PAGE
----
Tuesday, 8 November 2011

General Ramblings: The "You Shut Up Now" Rule

So, I'm still kind of struggling for ideas.

Sure, I could do a hobby post. Badly, probably. But that would require me to get my camera out. I could similarly actually photo my Trollbloods collection. But that would not only require the camera to be out, but brought down to the club, where my Mega-Smurfs are languishing in a display cabinet.

I could whine about the Internet. I'm sort of good at that. But no one's actually annoyed me thoroughly enough lately. At least not about anything even remotely Incarias-related. The politics are staying off this site for now. Mostly.

So, I'll talk about my club. And one rule we have that deserves spreading.

I like to call it the 'You shut up now!' rule.

Down at the Club (we're called Troll, and if you're from anywhere near Stockholm, this is a site you should visit), wargames are a spectator sport. It's rare for there to be no people just standing about, commenting idly on what's going on, discussing something entirely irrelevant and generally distracting the players.

This is fine. At least until it isn't. This is part of what makes wargaming a social activity for me; the side-talk. There's a good word in Swedish for it. I can't find the equivalent in English, for some reason. You know, the kind of talk that's absolutely, utterly pointless, except for the talking itself.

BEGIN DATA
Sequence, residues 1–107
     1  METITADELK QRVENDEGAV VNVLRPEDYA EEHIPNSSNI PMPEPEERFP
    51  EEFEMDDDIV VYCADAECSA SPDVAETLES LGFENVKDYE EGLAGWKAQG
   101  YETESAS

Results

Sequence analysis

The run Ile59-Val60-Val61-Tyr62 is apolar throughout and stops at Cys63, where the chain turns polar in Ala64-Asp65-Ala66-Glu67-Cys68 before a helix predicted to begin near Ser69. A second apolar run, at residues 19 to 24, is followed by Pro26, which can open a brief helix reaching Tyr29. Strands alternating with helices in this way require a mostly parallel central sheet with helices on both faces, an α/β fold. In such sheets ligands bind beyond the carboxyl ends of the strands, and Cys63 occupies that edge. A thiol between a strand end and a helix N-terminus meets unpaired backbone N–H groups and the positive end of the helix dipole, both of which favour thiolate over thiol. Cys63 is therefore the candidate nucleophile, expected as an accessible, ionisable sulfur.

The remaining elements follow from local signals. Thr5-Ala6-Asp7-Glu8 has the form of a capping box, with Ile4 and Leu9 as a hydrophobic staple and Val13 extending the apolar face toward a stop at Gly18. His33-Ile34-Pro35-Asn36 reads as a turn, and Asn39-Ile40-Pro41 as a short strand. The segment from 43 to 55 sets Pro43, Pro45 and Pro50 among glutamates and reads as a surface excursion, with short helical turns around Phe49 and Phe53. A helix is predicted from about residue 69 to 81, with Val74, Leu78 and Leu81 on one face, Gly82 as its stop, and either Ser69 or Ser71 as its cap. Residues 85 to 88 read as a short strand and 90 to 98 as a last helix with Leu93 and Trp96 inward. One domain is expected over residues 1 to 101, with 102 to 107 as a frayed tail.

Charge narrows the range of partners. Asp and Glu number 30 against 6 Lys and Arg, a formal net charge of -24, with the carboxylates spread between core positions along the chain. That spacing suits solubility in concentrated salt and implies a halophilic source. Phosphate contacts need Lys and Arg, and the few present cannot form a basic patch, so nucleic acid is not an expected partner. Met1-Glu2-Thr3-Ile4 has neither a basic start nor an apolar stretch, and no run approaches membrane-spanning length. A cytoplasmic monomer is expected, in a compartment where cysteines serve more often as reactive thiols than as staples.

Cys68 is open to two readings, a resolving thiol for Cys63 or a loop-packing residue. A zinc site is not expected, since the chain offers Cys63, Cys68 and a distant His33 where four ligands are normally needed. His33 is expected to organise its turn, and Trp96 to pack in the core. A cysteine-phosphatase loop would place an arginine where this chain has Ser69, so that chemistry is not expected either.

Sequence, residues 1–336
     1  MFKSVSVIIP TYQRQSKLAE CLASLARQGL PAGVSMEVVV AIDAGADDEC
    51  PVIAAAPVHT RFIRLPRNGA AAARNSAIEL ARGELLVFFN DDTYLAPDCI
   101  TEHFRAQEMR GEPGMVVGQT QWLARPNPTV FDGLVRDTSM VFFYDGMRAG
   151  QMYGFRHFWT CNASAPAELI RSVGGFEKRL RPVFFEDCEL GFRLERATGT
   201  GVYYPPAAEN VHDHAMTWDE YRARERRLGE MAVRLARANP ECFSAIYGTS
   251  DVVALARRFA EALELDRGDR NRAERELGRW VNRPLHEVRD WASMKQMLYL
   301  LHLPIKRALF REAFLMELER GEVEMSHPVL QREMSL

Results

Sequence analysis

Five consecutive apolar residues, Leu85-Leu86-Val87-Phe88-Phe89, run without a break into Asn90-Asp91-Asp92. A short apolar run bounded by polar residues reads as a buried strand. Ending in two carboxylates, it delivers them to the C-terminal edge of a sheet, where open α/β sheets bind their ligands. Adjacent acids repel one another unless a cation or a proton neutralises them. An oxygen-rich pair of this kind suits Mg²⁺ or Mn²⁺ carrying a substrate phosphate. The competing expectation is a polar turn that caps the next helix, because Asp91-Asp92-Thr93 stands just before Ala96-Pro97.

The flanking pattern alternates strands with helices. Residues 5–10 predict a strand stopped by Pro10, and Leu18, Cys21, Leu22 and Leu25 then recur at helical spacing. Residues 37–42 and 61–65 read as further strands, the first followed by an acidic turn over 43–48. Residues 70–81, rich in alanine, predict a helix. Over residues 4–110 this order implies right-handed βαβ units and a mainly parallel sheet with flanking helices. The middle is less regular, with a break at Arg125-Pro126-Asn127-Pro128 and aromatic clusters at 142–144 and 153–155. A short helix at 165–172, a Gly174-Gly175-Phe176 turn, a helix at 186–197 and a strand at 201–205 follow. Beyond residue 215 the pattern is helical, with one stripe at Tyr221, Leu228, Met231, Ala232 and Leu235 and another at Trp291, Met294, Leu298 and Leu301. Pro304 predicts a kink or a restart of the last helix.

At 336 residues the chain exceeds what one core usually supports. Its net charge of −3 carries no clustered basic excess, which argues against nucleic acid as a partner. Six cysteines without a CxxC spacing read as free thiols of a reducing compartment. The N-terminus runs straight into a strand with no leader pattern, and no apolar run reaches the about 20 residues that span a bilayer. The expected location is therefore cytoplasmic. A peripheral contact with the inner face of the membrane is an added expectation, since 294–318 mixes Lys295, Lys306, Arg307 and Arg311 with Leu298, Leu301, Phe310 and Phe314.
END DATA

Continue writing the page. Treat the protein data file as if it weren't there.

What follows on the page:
Oh, well.

Anyway. There is one thing we are fairly adamant on, when it comes to these onlookers.

No back seat gaming. No pointing out possible moves (beyond the absolutely ludicrous, at least), no reminders of optional-to-use rules, no leading questions. No tactics, no strategy.

There are exceptions to this rule (it is, for example, considered fair game to encourage any Blood Bowl player to perform a Foul, at any time). But during games that matter, in the slightest (campaigns being the most frequent offender), the rule is not negotiable.

Rules are fine. In two situations. One: one of the players makes an explicit rules question. This question can then be answered, as restrictively as possible, so as not to give undue tactical advice. Two: one of the players violates a rule (accidentally, we assume). The violation should then be noted, explained, and rectified. This second point also applies if one of the players cites a rule incorrectly.

What this rule does is to make sure that it is the players who are the ones actually playing. Before the 'You shut up now!' rule, some players (yes, I was a repeat offender) tended to coach their comrades a bit over-much, to the point that it was almost the back seat gamer making the decisions, and the actual player just moving the minis and rolling the dice.

This was deemed a problem.

What this rule also does (less purposefully) is cause a lot of mutterings from certain onlookers. It remains the case that it is always easier to spot possible moves when you're not actually playing, and some of us have a bit of trouble containing our wisdom. 'Wisdom', really. Some of our advice is undoubtedly crap.